In the last 15 years, Tori Amos’ pop albums have gravitated toward two distinct categories: those where she utilizes elaborate characters and extended metaphors to illustrate her points, and those where she uses more straightforward, subjective inspirations for her lyrics. For fans, this has been somewhat frustrating, as Amos has always been a confessional commentator—especially at the intersection of the personal and political—and deriving emotional attachment from her intricate fictions has often been challenging.
The engaging Unrepentant Geraldines, however, splits the difference between these categories perfectly—mainly because this time, Amos’ muse led her into a variety of deeply personal, vulnerable places. An affinity for visual art is clear in an affecting treatise about the unique struggles women face while they age (the Cézanne-inspired “16 Shades Of Blue”) and a powerful song about not being spiritually oppressed by government or religion (the title track, inspired by an etching from Irish artist Daniel Maclise). A talented trio of bakers Amos knows in real life is the backdrop for a scathing attack on the NSA and unfair taxation in “Giant’s Rolling Pin,” while her daughter Tash inspired “Rose Dover”—which stresses that growing up doesn’t mean having to lose whimsy—and “Promise,” a simple proclamation of love and support.
The latter is also one of the record’s most interesting songs: A mild-mannered duet, the song seamlessly pairs Amos’ ethereal tones with Tash’s soulful, R&B-influenced delivery. Such subtle stylistic nods are everywhere on Unrepentant Geraldines—from the dusty Americana flickering through “Trouble’s Lament,” the flute-augmented pastoral classic-rock vibe of “Wedding Day,” or the electrified rock opera and gothic lullaby tint of “Rose Dover.” Yet the album’s strongest moments are also its simplest ones: Highlights such as “Selkie” and “Oysters” are unadorned piano-and-voice compositions reminiscent of the ones Amos focused on in the early ’90s. (Fitting, considering the latter song is about reclaiming a more innocent self despite rough times, what with lyrics such as “I’m working my way back to me again.”)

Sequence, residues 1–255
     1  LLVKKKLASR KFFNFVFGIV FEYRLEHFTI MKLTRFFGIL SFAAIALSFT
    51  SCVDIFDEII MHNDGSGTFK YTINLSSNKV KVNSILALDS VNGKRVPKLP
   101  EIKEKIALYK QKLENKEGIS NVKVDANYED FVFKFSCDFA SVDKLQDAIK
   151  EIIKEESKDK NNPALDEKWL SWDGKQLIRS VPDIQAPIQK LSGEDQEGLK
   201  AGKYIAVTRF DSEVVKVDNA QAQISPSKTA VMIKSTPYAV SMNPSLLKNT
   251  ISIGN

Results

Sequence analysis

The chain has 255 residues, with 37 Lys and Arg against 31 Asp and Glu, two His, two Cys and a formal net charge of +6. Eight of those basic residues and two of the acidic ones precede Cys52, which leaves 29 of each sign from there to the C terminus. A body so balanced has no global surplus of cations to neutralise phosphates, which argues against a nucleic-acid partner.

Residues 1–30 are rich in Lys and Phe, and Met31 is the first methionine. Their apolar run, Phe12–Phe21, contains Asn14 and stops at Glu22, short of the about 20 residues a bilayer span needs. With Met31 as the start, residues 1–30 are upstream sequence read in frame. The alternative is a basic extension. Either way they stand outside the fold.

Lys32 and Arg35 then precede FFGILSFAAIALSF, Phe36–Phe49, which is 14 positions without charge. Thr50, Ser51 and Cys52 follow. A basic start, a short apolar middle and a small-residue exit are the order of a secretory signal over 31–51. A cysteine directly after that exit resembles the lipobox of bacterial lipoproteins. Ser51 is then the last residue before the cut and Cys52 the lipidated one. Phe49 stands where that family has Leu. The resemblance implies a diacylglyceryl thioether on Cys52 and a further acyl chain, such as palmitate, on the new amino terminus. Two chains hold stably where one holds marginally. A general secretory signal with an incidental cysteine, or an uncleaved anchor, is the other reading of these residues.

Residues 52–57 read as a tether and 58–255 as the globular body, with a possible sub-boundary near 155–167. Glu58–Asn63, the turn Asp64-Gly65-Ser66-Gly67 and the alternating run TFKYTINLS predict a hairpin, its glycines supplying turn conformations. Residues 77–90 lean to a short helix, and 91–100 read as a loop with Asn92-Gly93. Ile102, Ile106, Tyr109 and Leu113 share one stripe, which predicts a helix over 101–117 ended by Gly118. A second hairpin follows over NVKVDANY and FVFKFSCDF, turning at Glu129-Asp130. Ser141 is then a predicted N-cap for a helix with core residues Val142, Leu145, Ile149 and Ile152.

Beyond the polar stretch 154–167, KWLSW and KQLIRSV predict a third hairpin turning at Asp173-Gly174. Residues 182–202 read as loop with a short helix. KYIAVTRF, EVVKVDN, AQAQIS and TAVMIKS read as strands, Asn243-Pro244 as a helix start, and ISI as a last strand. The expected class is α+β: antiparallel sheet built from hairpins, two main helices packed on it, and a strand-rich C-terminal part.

Only the bold title track—whose funky, reggae-influenced undercurrent gives way to speedy, Police-like rock surges during the chorus—sounds like a total departure for Amos. But this experiment sounds effortless and inspired, much like the rest of Unrepentant Geraldines, and it’s a welcome change: While her classical compositions and the rich backstory of albums such as 2007’s American Doll Posse are thought-provoking, this music also felt intensely labored over and scrutinized. Despite the serious subject matter, Unrepentant Geraldines has a lightness—and even creative joy—that makes it a thoroughly enjoyable listen.